Gianluca Vialli brought tears to my eyes.
And don’t get me wrong: this wasn’t my first rodeo.
Between the World Cup, Champions League, and Europa League finals, as well as playoffs, domestic cup finals, the European Championship, and Copa America finals…
In a professional capacity, I’m far past 60 years old.
When you have the opportunity to do what I do for a livelihood, you strive to maintain a professional demeanor as much as possible, putting emotion aside.
It’s not always easy, especially when you care about the game and the people that play it, when you watch the emotional journey of hundreds of millions of people around the world, and when you recognize that it’s one of humanity’s common threads.
Well, there have been moments when I’ve become emotional after a game.
Nevertheless, never before the occasion.
That is, until Sunday night at Wembley Stadium.
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Get fast access It’s normal for players and coaches to walk around the pitch an hour and a half before kickoff to get a sense of their surroundings and take in the occasion.
Prior to the Euro 2020 final versus England, the majority of the Italian team and coaches did just that.
One man remained alone in the middle of the pitch, standing upright and allowing his gaze to wander over what he saw.
It was a man I’ve known for 25 years who lives just minutes away from me in London.
It was Luca who did it.
I snapped a photo of Vialli on the lush Wembley lawn, who appeared both small and enormous.
Perhaps because I was enthralled and welling up from the Wembley press box, I didn’t ask him what went through his mind in those minutes that felt like hours.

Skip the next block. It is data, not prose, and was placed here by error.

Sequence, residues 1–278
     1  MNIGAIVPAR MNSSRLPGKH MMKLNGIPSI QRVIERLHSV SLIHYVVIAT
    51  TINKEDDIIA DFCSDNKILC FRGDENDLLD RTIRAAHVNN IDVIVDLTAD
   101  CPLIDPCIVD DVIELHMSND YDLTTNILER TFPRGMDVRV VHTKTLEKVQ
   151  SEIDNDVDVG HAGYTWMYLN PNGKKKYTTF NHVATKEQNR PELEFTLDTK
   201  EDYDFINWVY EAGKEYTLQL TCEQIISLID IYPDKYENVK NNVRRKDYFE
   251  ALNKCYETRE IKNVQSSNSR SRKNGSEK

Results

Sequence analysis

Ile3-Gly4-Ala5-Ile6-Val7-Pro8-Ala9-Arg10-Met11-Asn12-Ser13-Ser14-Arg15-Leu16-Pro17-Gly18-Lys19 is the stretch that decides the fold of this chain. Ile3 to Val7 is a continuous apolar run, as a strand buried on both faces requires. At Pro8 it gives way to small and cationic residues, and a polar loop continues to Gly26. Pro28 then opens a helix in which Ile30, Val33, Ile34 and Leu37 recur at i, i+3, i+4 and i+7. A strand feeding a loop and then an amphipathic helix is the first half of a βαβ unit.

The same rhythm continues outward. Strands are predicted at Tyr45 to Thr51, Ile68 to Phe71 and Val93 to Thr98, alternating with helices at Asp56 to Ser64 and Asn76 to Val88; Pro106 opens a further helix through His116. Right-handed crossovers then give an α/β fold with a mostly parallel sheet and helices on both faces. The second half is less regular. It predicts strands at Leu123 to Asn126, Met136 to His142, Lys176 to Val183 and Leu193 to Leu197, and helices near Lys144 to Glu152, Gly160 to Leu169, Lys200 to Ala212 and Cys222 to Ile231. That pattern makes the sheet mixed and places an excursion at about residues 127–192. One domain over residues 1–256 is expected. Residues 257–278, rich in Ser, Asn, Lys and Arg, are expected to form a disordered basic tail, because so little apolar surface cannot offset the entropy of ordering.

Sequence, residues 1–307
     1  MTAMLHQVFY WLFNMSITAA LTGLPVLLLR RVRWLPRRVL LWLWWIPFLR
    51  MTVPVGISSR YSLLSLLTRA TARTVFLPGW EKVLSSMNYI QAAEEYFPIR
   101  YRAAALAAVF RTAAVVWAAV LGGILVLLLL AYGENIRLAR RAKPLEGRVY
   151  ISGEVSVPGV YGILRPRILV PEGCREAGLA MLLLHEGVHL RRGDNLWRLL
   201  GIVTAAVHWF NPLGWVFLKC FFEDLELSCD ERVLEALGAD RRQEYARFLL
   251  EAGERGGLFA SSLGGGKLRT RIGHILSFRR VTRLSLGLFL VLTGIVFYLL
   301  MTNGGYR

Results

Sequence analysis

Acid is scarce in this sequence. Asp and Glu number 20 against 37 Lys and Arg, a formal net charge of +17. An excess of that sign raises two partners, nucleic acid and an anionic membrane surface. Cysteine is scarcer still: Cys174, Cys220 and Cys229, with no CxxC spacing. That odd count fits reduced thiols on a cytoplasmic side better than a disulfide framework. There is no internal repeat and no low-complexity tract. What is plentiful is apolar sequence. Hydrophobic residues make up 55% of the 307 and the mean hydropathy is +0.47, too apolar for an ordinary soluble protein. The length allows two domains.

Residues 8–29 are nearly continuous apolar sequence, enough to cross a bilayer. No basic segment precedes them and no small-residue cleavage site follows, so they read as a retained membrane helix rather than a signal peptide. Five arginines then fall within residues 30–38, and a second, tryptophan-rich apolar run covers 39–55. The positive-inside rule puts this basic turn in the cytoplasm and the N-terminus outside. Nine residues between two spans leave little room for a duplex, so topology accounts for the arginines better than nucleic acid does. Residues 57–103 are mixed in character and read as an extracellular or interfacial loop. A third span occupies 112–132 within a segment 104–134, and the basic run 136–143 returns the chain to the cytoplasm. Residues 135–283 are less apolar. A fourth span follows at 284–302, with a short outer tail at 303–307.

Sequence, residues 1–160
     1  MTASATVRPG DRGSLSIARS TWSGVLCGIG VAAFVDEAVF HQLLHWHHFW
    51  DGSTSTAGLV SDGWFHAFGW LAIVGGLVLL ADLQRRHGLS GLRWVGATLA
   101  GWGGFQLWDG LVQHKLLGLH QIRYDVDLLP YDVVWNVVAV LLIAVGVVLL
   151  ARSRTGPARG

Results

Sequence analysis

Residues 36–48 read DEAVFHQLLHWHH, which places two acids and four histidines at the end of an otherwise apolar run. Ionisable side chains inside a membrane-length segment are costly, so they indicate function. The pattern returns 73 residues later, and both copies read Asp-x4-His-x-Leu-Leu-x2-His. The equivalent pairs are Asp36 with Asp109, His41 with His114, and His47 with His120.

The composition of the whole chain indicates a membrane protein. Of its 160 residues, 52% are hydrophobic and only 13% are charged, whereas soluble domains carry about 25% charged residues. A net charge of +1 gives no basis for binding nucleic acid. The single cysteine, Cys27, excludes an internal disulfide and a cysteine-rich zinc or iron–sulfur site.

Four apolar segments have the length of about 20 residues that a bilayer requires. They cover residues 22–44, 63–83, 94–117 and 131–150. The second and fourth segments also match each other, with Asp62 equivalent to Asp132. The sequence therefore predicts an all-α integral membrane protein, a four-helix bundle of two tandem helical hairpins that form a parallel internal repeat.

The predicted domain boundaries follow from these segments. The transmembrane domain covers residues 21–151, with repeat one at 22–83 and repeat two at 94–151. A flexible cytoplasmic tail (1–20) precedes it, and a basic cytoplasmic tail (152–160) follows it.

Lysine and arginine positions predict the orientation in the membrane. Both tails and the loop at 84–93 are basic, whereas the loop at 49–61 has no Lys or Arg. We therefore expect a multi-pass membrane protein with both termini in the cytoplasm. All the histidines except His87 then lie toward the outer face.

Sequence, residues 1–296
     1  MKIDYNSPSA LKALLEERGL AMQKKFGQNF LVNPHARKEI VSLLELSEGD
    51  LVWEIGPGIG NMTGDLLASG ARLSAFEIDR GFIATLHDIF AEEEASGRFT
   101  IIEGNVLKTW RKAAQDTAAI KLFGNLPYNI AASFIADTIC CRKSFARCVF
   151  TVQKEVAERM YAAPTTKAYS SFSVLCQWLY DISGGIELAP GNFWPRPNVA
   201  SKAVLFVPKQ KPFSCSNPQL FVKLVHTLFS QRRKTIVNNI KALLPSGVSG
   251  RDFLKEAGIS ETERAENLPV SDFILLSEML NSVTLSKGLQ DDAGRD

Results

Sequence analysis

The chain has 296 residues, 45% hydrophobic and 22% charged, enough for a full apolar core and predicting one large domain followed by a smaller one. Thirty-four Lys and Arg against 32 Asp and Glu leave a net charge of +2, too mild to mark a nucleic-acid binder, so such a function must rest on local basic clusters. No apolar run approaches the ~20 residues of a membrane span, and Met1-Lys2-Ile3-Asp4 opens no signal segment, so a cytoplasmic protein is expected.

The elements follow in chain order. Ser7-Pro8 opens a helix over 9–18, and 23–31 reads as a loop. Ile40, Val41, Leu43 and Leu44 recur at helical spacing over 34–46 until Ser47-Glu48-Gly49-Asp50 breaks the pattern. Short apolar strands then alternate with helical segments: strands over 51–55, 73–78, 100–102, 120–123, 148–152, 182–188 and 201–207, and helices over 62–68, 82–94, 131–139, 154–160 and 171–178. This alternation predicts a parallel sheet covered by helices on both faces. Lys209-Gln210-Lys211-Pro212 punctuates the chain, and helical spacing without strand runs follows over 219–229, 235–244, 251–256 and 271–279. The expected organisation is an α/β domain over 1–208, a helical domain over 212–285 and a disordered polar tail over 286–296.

I’m not going to ask him either.
Allow it to be a private time, despite the fact that many have speculated.
Maybe it had something to do with the fact that Italy and England, the two countries he has called home for over half of his life, were in a European final.
Perhaps it was the fact that Roberto Mancini, his closest football friend and “goal twin” from his Sampdoria days 37 years ago, had asked him to join the national team in November 2019, and the two of them had once again reached the final obstacle together.
(The official job title was “head of delegation,” but it was more like consigliere, road trip companion, and — the rehabilitated extrovert Vialli balancing out the functioning introvert Mancini — one man’s yin to another’s yang.)
Perhaps it was because the last time he and Mancini played in the same colors at Wembley was in the 1992 European Cup final against Johan Cruyff’s “Dream Team” of a Barcelona side.
White jerseys with Samp’s distinctive “circle stripes” were worn back then, while chalk-grey suits are worn now.
It was the “old” Wembley, before the arch and the renovation, but the position and the weight of the air he inhaled were the same.
(The outcome would be different; Vialli and Mancini would win 29 years after being defeated.) Maybe it was the good times at Wembley.
When he was managing Chelsea more than 20 years ago, he won the FA Cup, League Cup, and Community Shield under the old Twin Towers.